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Milds Autonomous system (mathematics)

Stability diagram classifying Poincaré maps of linear autonomous system $x'=Ax,$ as stable or unstable according to their features. Stability generally increases to the left of the diagram. Some sink, source or node are equilibrium points.

In mathematics, an autonomous system or autonomous differential equation is a system of ordinary differential equations which does not explicitly depend on the independent variable. When the variable is time, they are also called time-invariant systems.

Many laws in physics, where the independent variable is usually assumed to be time, are expressed as autonomous systems because it is assumed the laws of nature which hold now are identical to those for any point in the past or future.

Autonomous systems are closely related to dynamical systems. Any autonomous system can be transformed into a dynamical system[citation needed] and, using very weak assumptions[citation needed], a dynamical system can be transformed into an autonomous system[citation needed].

Definition

An autonomous system is a system of ordinary differential equations of the form

${\frac {d}{dt}}x(t)=f(x(t))$ where x takes values in n-dimensional Euclidean space; t is often interpreted as time.

It is distinguished from systems of differential equations of the form

${\frac {d}{dt}}x(t)=g(x(t),t)$ in which the law governing the evolution of the system does not depend solely on the system's current state but also the parameter t, again often interpreted as time; such systems are by definition not autonomous.

Properties

Solutions are invariant under horizontal translations:

Let $x_{1}(t)$ be a unique solution of the initial value problem for an autonomous system

${\frac {d}{dt}}x(t)=f(x(t))\,,\quad x(0)=x_{0}.$ Then $x_{2}(t)=x_{1}(t-t_{0})$ solves
${\frac {d}{dt}}x(t)=f(x(t))\,,\quad x(t_{0})=x_{0}.$ Indeed, denoting $s=t-t_{0}$ we have $x_{1}(s)=x_{2}(t)$ and $ds=dt$ , thus
${\frac {d}{dt}}x_{2}(t)={\frac {d}{dt}}x_{1}(t-t_{0})={\frac {d}{ds}}x_{1}(s)=f(x_{1}(s))=f(x_{2}(t)).$ For the initial condition, the verification is trivial,
$x_{2}(t_{0})=x_{1}(t_{0}-t_{0})=x_{1}(0)=x_{0}.$ Example

The equation $y'=\left(2-y\right)y$ is autonomous, since the independent variable, let us call it $x$ , does not explicitly appear in the equation. To plot the slope field and isocline for this equation, one can use the following code in GNU Octave/MATLAB

Ffun = @(X, Y)(2 - Y) .* Y; % function f(x,y)=(2-y)y
[X, Y] = meshgrid(0:.2:6, -1:.2:3); % choose the plot sizes
DY = Ffun(X, Y); DX = ones(size(DY)); % generate the plot values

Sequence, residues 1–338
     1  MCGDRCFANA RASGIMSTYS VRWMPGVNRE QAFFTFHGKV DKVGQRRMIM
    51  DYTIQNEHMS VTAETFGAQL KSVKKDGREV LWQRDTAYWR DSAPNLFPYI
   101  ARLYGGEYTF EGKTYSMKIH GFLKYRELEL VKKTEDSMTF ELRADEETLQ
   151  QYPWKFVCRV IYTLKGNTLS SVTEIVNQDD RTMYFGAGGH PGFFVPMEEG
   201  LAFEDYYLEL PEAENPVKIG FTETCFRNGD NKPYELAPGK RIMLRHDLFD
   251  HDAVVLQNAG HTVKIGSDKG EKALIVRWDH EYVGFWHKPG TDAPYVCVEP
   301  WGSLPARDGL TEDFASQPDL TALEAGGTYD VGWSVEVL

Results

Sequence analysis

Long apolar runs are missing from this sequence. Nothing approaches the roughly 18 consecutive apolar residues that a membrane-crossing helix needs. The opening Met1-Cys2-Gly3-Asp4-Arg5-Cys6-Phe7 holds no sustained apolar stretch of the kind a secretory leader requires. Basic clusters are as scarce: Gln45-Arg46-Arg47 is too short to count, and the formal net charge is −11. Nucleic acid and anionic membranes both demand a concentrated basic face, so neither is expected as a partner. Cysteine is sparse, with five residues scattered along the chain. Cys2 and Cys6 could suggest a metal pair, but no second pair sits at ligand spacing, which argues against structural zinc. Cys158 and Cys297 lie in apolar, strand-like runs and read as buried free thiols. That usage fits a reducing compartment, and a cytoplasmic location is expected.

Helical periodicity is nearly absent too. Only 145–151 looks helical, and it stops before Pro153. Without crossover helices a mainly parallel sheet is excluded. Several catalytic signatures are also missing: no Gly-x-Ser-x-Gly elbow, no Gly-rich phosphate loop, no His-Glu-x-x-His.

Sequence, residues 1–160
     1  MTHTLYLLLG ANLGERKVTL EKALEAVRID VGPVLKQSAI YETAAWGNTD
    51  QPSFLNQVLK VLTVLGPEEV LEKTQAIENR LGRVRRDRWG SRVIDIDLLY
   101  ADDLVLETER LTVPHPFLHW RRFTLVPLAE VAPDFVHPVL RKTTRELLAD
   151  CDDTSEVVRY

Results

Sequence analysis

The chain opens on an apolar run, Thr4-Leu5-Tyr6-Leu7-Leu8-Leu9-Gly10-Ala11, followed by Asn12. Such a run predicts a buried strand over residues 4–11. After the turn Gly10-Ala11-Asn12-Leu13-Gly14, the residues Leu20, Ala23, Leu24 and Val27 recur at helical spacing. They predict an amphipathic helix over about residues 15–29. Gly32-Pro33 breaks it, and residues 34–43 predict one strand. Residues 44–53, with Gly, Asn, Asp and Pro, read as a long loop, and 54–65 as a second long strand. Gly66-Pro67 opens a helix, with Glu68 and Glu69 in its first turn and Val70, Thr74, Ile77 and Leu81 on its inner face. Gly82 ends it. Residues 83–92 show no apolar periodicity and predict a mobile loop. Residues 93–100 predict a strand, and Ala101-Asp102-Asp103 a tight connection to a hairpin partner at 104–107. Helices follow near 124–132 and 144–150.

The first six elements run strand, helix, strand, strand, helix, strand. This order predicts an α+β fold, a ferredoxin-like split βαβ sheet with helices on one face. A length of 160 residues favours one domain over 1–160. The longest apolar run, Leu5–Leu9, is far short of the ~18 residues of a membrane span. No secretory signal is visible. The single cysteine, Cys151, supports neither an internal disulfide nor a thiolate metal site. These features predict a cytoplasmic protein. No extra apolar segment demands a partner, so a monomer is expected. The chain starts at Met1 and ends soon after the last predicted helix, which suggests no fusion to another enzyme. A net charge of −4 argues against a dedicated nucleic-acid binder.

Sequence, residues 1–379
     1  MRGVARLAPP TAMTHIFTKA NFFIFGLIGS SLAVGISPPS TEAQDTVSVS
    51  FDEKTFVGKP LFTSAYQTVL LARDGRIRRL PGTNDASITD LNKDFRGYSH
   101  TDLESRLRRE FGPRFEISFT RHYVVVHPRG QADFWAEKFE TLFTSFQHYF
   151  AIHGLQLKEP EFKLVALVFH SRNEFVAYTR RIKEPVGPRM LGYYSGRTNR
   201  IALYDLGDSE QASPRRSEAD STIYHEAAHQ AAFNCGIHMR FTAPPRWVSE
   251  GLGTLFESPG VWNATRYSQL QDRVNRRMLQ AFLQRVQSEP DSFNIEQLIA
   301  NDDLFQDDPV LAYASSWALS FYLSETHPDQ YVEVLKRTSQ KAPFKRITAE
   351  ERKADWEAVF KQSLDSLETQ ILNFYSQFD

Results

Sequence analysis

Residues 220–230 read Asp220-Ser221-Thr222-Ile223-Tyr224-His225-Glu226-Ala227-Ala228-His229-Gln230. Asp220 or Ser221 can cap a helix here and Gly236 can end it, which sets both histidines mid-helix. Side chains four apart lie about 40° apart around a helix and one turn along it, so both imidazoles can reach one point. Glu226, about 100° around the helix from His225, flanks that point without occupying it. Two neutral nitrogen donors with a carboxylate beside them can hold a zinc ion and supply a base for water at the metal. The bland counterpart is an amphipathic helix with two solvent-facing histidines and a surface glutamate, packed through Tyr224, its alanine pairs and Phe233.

quiver(X, Y, DX, DY, 'k'); % plot the direction field in black
hold on;
contour(X, Y, DY, [0 1 2], 'g'); % add the isoclines(0 1 2) in green
title('Slope field and isoclines for f(x,y)=(2-y)y')

One can observe from the plot that the function $\left(2-y\right)y$ is $x$ -invariant, and so is the shape of the solution, i.e. $y(x)=y(x-x_{0})$ for any shift $x_{0}$ .

Solving the equation symbolically in MATLAB, by running

syms y(x);
equation = (diff(y) == (2 - y) * y);
% solve the equation for a general solution symbolically
y_general = dsolve(equation);

we obtain two equilibrium solutions, $y=0$ and $y=2$ , and a third solution involving an unknown constant $C_{3}$ , -2 / (exp(C3 - 2 * x) - 1).

Picking up some specific values for the initial condition, we can add the plot of several solutions

Slope field with isoclines and solutions
% solve the initial value problem symbolically
% for different initial conditions
y1 = dsolve(equation, y(1) == 1); y2 = dsolve(equation, y(2) == 1);
y3 = dsolve(equation, y(3) == 1); y4 = dsolve(equation, y(1) == 3);
y5 = dsolve(equation, y(2) == 3); y6 = dsolve(equation, y(3) == 3);
% plot the solutions
ezplot(y1, [0 6]); ezplot(y2, [0 6]); ezplot(y3, [0 6]);
ezplot(y4, [0 6]); ezplot(y5, [0 6]); ezplot(y6, [0 6]);
title('Slope field, isoclines and solutions for f(x,y)=(2-y)y')
legend('Slope field', 'Isoclines', 'Solutions y_{1..6}');
text([1 2 3], [1 1 1], strcat('\leftarrow', {'y_1', 'y_2', 'y_3'}));
text([1 2 3], [3 3 3], strcat('\leftarrow', {'y_4', 'y_5', 'y_6'}));
grid on;

Qualitative analysis

Autonomous systems can be analyzed qualitatively using the phase space; in the one-variable case, this is the phase line.

Solution techniques

The following techniques apply to one-dimensional autonomous differential equations. Any one-dimensional equation of order $n$ is equivalent to an $n$ -dimensional first-order system (as described in reduction to a first-order system), but not necessarily vice versa.

First order

The first-order autonomous equation

${\frac {dx}{dt}}=f(x)$ is separable, so it can easily be solved by rearranging it into the integral form
$t+C=\int {\frac {dx}{f(x)}}$ Second order

The second-order autonomous equation

${\frac {d^{2}x}{dt^{2}}}=f(x,x')$ is more difficult, but it can be solved by introducing the new variable